4 Ways To Prepare For A Healthy Retirement

4 Ways To Prepare For A Healthy Retirement

As of 2019, the average life expectancy in the United States was 76 years for men and 81 years for women. Since most Americans live well into retirement age now, it’s crucial to sustain healthy routines and habits which maximize these “golden years” to their fullest. This requires both physical and mental wellness initiatives, so you can feel positive, energized, balanced, sharp, mobile and independent for as long as possible. 

There are many areas of health to prioritize as you grow older—nutrition and fitness, social connections, and treatment for medical issues being the most obvious. But how can you start taking proactive measures now to plan ahead for a healthy retirement down the road? Below are four simple and actionable ways to maintain a lifestyle of wellness, no matter how aged you are—in numerical years, that is.


Find Enjoyable, Consistent and Diverse Ways to Be Active


An estimated 80% of people in the United States do not move their bodies enough, reports the Journal of the American Medical Association. But older adults need both aerobic and resistance exercises for bone density, muscle strength, coordination and joint mobility. It can be hard to exercise when you find it boring or repetitive, but the trick is to diversify the workouts and create a regimen that is actually fun.

“Choose different exercises that you enjoy—whether that’s walking, swimming, cycling or even dancing. Don’t be afraid to try new exercises, so you will remain engaged and on-track with your health goals. In our community, we have a robust activity calendar that we revisit each month to add new options for our residents. To keep moving, you need a number of activities to choose from,” points out Annette Field, the Executive Director of Vineyard Johns Creek a new assisted living and memory care community.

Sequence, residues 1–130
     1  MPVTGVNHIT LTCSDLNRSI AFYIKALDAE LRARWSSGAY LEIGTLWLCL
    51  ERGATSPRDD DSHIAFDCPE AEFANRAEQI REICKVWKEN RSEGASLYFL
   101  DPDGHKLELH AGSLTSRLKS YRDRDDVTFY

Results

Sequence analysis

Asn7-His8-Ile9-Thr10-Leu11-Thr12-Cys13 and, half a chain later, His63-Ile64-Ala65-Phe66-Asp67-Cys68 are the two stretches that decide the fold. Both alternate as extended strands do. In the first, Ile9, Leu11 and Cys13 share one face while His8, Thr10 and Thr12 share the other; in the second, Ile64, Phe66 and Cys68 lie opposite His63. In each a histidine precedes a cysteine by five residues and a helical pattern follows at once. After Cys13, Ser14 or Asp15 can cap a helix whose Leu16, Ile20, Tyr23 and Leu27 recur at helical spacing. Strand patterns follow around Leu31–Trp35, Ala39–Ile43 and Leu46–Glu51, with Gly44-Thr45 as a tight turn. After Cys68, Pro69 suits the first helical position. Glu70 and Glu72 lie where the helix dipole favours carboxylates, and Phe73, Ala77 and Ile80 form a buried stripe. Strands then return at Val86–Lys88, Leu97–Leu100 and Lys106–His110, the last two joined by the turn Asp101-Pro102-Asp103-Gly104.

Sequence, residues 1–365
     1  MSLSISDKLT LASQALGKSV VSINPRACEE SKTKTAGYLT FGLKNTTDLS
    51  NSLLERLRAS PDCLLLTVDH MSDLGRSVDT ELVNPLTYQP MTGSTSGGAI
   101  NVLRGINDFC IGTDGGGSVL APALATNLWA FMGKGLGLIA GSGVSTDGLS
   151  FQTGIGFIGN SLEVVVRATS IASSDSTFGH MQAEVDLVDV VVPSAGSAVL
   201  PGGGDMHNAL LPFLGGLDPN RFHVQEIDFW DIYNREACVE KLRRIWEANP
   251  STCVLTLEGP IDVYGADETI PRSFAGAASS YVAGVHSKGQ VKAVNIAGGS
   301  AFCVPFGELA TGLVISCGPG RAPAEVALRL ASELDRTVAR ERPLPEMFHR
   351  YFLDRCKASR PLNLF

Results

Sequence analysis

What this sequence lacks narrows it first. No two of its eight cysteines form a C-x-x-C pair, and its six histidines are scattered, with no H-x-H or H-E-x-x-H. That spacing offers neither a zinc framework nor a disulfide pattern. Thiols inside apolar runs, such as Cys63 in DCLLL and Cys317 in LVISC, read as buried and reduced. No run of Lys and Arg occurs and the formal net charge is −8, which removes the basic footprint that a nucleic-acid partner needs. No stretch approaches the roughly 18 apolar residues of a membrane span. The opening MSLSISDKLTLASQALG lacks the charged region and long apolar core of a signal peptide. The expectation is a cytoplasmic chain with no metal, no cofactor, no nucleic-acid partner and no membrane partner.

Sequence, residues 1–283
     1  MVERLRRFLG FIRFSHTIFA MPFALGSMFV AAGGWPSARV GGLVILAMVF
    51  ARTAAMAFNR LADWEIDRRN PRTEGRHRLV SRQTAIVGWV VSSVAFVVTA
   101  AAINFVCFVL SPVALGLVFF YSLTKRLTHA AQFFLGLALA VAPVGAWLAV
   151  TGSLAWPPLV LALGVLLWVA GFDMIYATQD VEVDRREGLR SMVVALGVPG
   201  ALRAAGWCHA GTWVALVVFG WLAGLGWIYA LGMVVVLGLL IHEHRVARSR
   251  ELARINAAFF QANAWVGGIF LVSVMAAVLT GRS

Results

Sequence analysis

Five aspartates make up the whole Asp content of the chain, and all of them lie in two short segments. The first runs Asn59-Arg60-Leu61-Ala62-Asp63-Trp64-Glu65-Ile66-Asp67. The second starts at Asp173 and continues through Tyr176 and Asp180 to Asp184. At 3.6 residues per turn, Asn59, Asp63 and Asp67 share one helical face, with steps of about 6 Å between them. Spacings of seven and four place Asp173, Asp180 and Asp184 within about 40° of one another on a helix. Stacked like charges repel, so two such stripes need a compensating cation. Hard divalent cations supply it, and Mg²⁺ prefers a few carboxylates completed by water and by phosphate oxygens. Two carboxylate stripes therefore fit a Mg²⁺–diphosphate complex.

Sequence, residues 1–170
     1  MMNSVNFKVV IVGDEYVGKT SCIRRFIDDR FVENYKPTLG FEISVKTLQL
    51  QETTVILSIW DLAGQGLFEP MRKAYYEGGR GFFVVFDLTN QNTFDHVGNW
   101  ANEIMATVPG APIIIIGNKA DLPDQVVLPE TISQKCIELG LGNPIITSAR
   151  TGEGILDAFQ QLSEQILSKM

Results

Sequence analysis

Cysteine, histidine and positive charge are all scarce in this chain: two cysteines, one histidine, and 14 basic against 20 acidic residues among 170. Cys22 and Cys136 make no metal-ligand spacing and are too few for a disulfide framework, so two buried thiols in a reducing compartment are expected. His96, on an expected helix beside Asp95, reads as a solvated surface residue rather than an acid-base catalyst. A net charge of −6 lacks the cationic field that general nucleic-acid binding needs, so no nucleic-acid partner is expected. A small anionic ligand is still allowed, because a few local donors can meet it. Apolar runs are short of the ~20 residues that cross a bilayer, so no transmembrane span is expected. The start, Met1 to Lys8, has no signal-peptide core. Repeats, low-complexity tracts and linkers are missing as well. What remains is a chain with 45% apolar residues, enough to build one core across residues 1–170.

Invest in Relationships for a Vibrant, Connected Social Life


No matter how old you are, as a human being, you’re wired for connections with other people, but with retirement often comes other transitions such as moving to a new area or spending more time at home. Not to mention, you don’t interact with coworkers or attend office functions anymore. This might cause social isolation over time which the American Journal of Epidemiology warns can lead to depression, inadequate sleep, cognitive decline, heart disease, cancer and a risk of premature death.

Loneliness is a serious health concern, but you can avoid it through inten